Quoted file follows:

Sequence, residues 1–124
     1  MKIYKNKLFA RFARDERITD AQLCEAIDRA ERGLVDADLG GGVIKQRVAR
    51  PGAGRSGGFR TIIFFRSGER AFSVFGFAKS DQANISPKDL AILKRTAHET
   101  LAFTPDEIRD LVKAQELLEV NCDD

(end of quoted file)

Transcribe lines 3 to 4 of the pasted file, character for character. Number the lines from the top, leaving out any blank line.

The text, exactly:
    51  PGAGRSGGFR TIIFFRSGER AFSVFGFAKS DQANISPKDL AILKRTAHET
   101  LAFTPDEIRD LVKAQELLEV NCDD